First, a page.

Additionally, for each analyzed system component, a baseline benchmark performance of the component may also be measured. For example, in one embodiment, a benchmark measuring application, such as SPECweb99, may be configured to record execution timing for just the component in question. Alternatively, individual timing instructions may be inserted into the component and used to determine baseline benchmark performance for the component and to measure the performance cost of timing the component. After establishing baseline performance measurements for both the overall system and an individual component to be analyzed, a delay may be inserted into the component. Subsequently, the performance degradation of both the specific component and the overall system resulting from the inserted delay may be measured. The value of an inserted delay may be increased and additional system performance measurements may be acquired. Thus, the measured performance degradations resulting from delays of various lengths may be measured and analyzed. For example, inserting a delay of 10% to a particular component may result in a 1% degradation of overall system performance while a delay of 20% may result in a 2% overall system performance degradation.

The relations of individual component changes (as a percentage of component performance) to overall system performance changes (as percentages of overall system performance) for multiple, different, delay times may be analyzed to determine the component performance improvement required to result in a specific improvement in overall system performance.

For example, when making system performance predictions regarding execution speed, a single delay of a particular value may be inserted into a program component and the value of that inserted delay may be varied during multiple system benchmark measurements. In other embodiments, however, multiple delays may be inserted into a single program component and the individual delay values may be varied for several system benchmark measurements. Alternatively, a single delay may be inserted into a component, and moved to different locations in the component between sets of benchmark measurements, with several different delay values used at each location. In general, however, a single delay inserted either at the beginning or end of a component may yield more consistent, stable results, according to some embodiments.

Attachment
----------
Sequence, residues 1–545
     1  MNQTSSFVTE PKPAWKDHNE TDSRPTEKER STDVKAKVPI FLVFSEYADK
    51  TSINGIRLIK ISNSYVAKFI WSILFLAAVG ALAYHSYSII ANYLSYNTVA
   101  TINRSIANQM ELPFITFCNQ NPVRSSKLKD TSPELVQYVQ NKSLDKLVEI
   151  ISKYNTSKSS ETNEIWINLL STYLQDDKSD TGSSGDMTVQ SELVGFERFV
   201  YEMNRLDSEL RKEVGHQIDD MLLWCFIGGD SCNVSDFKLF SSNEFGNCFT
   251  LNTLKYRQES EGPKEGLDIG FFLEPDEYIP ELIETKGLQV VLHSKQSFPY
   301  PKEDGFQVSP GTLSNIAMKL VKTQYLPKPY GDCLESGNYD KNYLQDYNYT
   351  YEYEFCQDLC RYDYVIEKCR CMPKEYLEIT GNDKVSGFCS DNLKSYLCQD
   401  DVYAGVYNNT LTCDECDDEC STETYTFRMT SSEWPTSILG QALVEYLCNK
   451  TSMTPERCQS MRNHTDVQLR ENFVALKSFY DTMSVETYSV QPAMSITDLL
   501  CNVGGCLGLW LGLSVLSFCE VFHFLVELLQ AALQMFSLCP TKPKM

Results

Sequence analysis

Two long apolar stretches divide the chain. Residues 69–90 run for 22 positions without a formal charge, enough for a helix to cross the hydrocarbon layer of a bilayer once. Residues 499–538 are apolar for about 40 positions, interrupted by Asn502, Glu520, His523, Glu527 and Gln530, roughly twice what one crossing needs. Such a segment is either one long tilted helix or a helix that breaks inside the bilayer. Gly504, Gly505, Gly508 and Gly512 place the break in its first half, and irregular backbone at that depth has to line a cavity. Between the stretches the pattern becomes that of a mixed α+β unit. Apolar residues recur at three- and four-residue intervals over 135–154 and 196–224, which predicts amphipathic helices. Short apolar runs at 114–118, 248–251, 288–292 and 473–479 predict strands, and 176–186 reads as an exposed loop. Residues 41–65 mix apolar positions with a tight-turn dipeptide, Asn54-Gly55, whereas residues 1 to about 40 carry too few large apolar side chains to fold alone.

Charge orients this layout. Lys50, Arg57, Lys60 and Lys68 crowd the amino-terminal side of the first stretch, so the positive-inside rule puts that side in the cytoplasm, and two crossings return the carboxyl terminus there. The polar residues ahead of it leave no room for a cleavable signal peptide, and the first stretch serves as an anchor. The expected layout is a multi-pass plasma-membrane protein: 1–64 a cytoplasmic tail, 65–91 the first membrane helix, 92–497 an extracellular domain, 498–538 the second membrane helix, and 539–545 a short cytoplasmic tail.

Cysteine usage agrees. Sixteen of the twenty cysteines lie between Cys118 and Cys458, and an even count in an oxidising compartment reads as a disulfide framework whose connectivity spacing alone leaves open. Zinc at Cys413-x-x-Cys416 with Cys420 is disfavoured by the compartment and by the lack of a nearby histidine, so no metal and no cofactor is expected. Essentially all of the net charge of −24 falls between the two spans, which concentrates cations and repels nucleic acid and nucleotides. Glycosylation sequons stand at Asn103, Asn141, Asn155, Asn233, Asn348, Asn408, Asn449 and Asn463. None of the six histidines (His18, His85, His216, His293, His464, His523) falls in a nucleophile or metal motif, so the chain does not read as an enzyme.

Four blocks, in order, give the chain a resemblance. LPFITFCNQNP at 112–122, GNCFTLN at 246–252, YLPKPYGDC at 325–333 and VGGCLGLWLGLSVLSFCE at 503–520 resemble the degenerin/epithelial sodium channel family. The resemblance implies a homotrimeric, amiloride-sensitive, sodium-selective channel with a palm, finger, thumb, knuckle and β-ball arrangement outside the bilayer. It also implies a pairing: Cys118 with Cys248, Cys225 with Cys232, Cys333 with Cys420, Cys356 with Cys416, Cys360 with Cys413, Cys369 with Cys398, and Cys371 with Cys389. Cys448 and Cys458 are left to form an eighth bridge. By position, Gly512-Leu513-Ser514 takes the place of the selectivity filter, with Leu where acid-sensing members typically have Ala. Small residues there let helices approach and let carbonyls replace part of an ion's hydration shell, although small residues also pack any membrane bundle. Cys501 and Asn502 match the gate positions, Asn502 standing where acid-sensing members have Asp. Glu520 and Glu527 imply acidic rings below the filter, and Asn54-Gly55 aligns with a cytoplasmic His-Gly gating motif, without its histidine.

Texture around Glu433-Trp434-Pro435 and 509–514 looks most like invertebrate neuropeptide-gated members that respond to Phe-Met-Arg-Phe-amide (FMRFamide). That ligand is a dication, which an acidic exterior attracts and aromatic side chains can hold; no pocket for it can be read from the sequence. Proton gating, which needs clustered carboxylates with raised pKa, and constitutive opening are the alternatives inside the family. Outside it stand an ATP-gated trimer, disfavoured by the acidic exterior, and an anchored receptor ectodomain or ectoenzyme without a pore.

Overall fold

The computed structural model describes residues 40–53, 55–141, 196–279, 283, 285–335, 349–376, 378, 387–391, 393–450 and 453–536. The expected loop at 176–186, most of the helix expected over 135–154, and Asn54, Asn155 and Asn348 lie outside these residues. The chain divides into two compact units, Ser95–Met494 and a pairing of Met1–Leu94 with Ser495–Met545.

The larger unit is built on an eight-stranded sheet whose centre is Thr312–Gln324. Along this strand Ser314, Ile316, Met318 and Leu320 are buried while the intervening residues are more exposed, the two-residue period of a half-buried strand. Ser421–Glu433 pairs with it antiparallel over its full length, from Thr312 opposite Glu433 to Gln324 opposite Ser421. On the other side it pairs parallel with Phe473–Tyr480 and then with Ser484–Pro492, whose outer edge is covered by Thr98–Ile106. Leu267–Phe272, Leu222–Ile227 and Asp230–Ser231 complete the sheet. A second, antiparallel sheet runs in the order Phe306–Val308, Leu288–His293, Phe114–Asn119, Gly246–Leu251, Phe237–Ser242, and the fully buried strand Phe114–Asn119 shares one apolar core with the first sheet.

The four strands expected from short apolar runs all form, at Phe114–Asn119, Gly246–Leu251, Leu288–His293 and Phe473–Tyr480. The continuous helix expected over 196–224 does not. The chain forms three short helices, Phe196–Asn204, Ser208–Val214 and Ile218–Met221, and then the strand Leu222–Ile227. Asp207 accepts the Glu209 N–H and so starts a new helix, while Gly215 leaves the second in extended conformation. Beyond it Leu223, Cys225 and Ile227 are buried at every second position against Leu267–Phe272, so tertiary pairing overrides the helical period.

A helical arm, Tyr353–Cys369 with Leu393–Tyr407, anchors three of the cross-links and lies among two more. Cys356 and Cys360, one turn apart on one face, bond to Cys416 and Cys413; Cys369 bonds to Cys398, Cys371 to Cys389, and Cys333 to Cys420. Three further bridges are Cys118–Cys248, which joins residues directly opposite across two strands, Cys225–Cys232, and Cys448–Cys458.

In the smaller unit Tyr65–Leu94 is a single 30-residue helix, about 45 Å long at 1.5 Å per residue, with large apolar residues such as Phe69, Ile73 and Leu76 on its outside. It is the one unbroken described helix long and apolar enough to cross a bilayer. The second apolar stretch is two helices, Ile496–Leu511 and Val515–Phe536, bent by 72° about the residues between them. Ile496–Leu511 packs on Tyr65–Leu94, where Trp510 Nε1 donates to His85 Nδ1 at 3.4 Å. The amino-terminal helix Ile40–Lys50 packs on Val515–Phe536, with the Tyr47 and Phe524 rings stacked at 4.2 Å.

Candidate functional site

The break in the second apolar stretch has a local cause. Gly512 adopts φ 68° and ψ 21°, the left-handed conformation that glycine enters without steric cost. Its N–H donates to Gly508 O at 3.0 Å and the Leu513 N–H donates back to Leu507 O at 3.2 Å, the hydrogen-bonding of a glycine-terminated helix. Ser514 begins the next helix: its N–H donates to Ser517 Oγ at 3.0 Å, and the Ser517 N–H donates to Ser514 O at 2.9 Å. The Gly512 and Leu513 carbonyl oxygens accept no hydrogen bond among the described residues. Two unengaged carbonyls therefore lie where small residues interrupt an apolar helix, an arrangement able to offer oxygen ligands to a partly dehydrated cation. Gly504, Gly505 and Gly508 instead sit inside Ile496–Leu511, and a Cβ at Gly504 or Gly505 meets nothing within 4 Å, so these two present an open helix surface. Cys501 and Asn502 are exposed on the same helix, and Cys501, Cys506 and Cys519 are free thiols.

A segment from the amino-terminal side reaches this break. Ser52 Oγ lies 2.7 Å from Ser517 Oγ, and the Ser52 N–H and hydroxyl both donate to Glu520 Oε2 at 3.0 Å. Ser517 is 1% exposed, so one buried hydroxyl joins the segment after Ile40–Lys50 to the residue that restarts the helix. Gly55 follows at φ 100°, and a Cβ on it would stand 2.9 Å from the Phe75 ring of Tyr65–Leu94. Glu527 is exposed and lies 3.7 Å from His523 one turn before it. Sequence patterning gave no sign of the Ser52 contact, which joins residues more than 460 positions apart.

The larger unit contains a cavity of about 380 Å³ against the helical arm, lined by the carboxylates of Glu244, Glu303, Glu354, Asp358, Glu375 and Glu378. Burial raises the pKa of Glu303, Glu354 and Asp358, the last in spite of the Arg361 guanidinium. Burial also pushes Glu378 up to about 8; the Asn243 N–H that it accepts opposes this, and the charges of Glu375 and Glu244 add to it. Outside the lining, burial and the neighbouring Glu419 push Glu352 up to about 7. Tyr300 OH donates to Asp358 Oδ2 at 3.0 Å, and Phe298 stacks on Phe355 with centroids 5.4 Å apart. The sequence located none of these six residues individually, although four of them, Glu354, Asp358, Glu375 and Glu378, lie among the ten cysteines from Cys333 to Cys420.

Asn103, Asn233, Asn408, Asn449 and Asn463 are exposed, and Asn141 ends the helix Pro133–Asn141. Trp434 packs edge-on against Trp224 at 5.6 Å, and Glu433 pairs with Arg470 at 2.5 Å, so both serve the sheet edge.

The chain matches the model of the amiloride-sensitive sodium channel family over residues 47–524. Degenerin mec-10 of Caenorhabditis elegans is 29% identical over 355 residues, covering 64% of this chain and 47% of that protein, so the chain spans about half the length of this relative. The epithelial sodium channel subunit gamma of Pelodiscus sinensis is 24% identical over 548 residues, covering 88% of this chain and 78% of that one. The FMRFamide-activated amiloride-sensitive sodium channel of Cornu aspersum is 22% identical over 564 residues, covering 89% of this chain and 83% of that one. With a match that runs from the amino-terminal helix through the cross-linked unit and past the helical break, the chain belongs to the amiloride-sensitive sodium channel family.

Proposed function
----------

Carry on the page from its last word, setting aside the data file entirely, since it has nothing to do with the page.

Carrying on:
When analyzing resource usage for resources other than execution speed, each analyzed component may be instrumented to insert artificial usage of the analyzed resource. For example, in one embodiment, extra, artificial memory allocations may be inserted in to each analyzed component and the overall system memory usage analyzed to determine an overall degradation in memory usage (i.e. more memory being used) resulting from each inserted memory allocation.

In addition, various statistical methods may be calculated at various points in the system performance predication process and may be used to evaluate the validity of the particular predictions for specific components. For example, confidence intervals may be calculated and used to validate the specific data points used for system performance prediction, according to one embodiment.